As a rule, sequels are terrible. And "The Ring Two" is not so much terrible as it is ordinary. It's graced with an outstanding performance by Naomi Watts and some truly creepy scenes, but it lacks the visceral direction of the first movie. In short, it's a sequel.
As the story opens, we see a slimy-looking boy tricking his girlfriend into watching (drumroll please) The Tape (anyone who saw the short film "Rings" will see the backdrop). As we know from "The Ring," if you get someone else doomed by the tape, you get to live and they die. But things don't turn out so well for the boy. Meanwhile, Rachel Keller (Naomi Watts) is fleeing to a rural town with her son Aidan (David Dorfman). They thought they had managed to destroy the evil Samara's curse, but of course they were wrong.
And no sooner have they settled down, than Rachel finds signs of Samara's presence. A young boy has died inexplicably, left with a hideous facial deformity. When Rachel confirms that it was Samara who killed him, she finds that Samara is now targeting Aidan's. In a nutshell, she wants to possess him. Now Rachel must delve into Samara's past to find a possible way to stop him -- or risk losing her son to Samara.
"The Ring" revamped the modern horror genre, casting aside CGI ghosts and machete-wielding wackos in favor of subtle horror and demon-children. Not to mention getting Hollywood interested in Japanese horror movies. In short, it was a horror hit that deserved to be one. But "The Ring Two" is merely adequate, not really good.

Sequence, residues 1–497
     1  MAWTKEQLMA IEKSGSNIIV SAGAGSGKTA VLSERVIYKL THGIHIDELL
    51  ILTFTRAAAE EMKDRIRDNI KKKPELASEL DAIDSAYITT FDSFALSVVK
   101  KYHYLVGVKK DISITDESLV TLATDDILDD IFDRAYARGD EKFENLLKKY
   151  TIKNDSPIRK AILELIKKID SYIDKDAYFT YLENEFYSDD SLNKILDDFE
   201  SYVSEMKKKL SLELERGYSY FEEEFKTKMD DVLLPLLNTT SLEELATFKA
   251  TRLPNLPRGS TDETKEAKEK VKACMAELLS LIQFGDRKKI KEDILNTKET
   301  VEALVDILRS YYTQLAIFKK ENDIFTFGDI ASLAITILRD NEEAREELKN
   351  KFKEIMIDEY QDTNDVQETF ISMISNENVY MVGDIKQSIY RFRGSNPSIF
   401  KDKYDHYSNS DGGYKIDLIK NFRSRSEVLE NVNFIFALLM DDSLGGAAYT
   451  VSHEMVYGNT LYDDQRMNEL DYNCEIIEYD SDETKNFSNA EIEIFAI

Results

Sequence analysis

Maybe the biggest problem of "The Ring Two" is that it has no bedrock to stand on. Author Koji Suzuki wrote a sequel called "Spiral," which was then adapted into the movie "Rasen." But "The Ring Two" has no such grounding. It's just a free-floating Hollywood sequel, to a movie which was remake of a Japanese movie adapted from a book. Given those stats, it's amazing that it's as good as it is.
Director Hideo Nakata, of the Japanese "Ringu" films, was brought in to replace Gore Verbinski. But while he does a competant job, the film lacks the quick cuts, fast-forwarding and sense of pervasive horror. Instead, we get water on the ceiling -- pretty and moderately creepy, but very obvious. The laughable deer attack was just random, especially as Samara has no connection with deer. And Samara's occasional "boo!" appearances take away from her creepiness -- whatever happened to "less is more"?
Not to say that there is no creepiness and no subtlety. Samara alone accounts for much of them -- she slinks around like a less deteriorated version of Gollum, and seeks a "mommy." Nakata does a good job with the odd symbolism injected into the film, such as the ever-present water all over the place. (Interestingly, Nakata also directed the Japanese adaptation of Suzuki's "Dark Water." A bit of seepage?)
Samara aside, much of the creepiness comes from Naomi Watts' performance -- as in the first "Ring" movie, she exudes a taut, quietly frantic demeanor, while keeping herself focused. She gives what is undoubtedly the best performance here. Sissy Spacek gives a solid if brief performance as Samara's birth mother, but Dorfman is pallid as Watts' son.
It quite obviously is leaving the way open for "Ring Three," which is either a thrill or a chill. Taken alone, "The Ring Two" isn't a bad movie, but it suffers badly when set next to its predecessor.